Why we need to get Covid booster jabs
We have pinned our hopes on vaccines to get us through the pandemic. But with signs that the protective effects of the two leading jabs are wearing off sooner than hoped, a booster programme has been launched, targeting all over-50s and other vulnerable groups
WE have pinned our hopes on vaccines to get us through the pandemic. But with signs that the protective effects of the two leading jabs are wearing off sooner than hoped, a booster programme has just been launched, targeting all over-50s and other vulnerable groups.
The latest data shows that protection against Covid infection from the Pfizer-BioNTech and Oxford-AstraZeneca vaccines starts to fade within four to five months of the second dose.
The figures, not yet published in a journal, come from the ZOE Covid study, which relies on an app used by more than one million people to collect data on infection rates.
The data shows that while the AstraZeneca jab reduced the chances of infection by 77 per cent when first given, this dropped to 67 per cent after five months; meanwhile, protection from the Pfizer vaccine dropped from 88 to 74 per cent.
At that rate of decline, researchers have warned, protection could drop below 50 per cent by the winter, especially in those older people who were first to get the jabs and whose immunity may have waned the most since.
Similar findings emerged from a recent study by the University of Oxford, which looked at the vaccines' efficacy against the more virulent Delta strain.
Two weeks after being given, the Pfizer jab reduced the risk of someone developing a high viral load - the amount of virus circulating in their body - by 92 per cent; 90 days after vaccination, this had dropped to 78 per cent. Over the same time frame, the AstraZeneca jab's effectiveness fell from 69 to 61 per cent.
This contrasts with other vaccines, such as the one for measles, mumps and rubella (MMR), which lasts a lifetime. So why is it different with Covid vaccines?
"To get long-lasting immunity, as you do with the measles jab, you usually need to have a live attenuated vaccine - one that contains a much weakened version of the virus itself," says Lawrence Young, a virologist and a professor of molecular oncology at the University of Warwick.
These vaccines contain a milder form of the real virus which is enough to trigger a robust, long-lasting immune system reaction. It's effectively like catching the virus, but without symptoms.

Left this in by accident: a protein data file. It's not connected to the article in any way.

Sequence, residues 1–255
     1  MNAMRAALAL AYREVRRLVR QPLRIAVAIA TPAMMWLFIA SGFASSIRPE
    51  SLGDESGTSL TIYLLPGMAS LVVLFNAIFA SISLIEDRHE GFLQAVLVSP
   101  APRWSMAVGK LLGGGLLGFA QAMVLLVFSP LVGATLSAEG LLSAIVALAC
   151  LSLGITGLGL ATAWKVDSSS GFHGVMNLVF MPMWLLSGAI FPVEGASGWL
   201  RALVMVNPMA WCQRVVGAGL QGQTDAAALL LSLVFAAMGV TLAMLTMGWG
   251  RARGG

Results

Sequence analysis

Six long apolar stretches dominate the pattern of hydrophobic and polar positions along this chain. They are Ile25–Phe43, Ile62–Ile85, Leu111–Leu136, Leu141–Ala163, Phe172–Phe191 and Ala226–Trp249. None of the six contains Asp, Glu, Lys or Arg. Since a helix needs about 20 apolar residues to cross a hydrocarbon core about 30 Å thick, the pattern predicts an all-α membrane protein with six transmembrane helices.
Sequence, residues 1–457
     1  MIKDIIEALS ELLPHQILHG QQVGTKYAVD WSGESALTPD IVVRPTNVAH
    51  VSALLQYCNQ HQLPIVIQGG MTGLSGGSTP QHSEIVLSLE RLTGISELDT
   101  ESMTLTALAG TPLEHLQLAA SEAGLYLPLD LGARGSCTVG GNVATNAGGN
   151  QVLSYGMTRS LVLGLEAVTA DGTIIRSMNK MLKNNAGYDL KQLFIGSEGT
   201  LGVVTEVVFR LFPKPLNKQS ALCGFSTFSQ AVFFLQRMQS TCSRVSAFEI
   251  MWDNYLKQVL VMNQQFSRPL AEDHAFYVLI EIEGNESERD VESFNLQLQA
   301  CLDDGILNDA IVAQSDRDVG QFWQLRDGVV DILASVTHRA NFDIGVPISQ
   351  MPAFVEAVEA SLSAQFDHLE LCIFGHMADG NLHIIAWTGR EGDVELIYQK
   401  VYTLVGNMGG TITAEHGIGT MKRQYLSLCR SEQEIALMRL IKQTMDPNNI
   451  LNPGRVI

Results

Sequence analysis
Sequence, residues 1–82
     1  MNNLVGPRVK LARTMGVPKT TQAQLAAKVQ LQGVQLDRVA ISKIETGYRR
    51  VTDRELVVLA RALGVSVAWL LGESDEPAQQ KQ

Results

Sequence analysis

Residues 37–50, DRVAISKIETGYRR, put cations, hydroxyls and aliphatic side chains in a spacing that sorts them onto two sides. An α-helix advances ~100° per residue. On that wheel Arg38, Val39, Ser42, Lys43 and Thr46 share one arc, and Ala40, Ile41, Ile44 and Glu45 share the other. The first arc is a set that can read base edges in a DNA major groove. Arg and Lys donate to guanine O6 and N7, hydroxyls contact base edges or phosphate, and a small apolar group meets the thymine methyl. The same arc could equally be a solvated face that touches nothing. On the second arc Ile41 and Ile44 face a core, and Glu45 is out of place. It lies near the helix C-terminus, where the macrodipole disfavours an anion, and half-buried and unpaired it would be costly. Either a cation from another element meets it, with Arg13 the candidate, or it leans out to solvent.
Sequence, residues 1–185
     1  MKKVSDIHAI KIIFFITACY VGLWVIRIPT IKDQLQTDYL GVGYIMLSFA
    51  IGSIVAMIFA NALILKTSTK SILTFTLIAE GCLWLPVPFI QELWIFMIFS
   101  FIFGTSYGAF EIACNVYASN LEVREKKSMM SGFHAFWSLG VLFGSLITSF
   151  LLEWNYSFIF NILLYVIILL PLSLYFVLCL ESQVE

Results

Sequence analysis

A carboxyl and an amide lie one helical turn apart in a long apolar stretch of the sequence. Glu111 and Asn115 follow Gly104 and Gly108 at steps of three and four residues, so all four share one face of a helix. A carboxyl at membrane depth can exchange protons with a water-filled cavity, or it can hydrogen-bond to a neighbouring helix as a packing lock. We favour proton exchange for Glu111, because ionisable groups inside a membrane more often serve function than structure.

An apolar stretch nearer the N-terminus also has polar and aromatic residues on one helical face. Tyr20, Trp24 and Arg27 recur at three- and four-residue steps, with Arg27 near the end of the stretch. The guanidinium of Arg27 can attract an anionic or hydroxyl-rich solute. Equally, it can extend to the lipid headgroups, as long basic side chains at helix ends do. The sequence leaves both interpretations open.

By contrast, the current crop of Covid jabs mostly contain either a man-made version of a protein (the spike protein) found in the virus, or genetic fragments of the virus. Both prime the immune system to produce antibodies that patrol the bloodstream looking for signs of the virus.
Although they produce a less robust immune system response, synthetic copies of the spike protein and genetic fragments of Covid - called mRNA - are much more stable and easier to control than vaccines made with live virus, making mass production simpler.
However, at least one live attenuated Covid vaccine - called COVI-VAC - is in clinical trials, with results due in spring 2022.
The key to a vaccine's long-term success is how the immune system responds to it.
This can be affected by many factors, such as age, sex, ethnic background and underlying illnesses, such as cancer, which can weaken the body's defences. When we get ill with an infection, immune system B cells start producing antibodies to fight it off. But once the immediate danger has passed, these antibodies get processed as waste.
To prevent a recurrence, some of the B cells are turned into permanent, mini antibody factories, known as long-lived plasma cells (LLPCs).
Anyone who has had Covid is likely to have these cells - and the more ill they were, the more LLPCs they may have, as the greater the exposure to the virus, the stronger the immune reaction.
LLPCs aren't always created after an infection, but, says Dr Steven Smith, a lecturer in biomedical sciences at Brunel University: "LLPCs can live for many years in our bone marrow, continually releasing antibodies."
For example, people who caught Sars in 2003 still have antibodies to it circulating in their system nearly 20 years later. The hope was that Covid vaccines would have the same effect, prompting the immune system to turn some B cells into antibody production lines.
But researchers in Belgium recently measured Covid antibody levels in blood at regular intervals in more than 200 people given the Pfizer vaccine, and found the levels halved within three months of the jab. This suggested that defences were already weakening, according to the findings published in July in Emerging Microbes & Infections.
Dr Smith says even if antibody levels decline, a vaccinated immune system is still well-equipped to deal with future threats. That's because B cells have an immunological 'memory' - which means that if they bump into the offending virus again, they can almost instantly kick-start production of new antibodies.
Professor Young adds: "Your immune response will never drop to zero once you're vaccinated - it's not like we are back where we started before we had the jabs."
© Daily Mail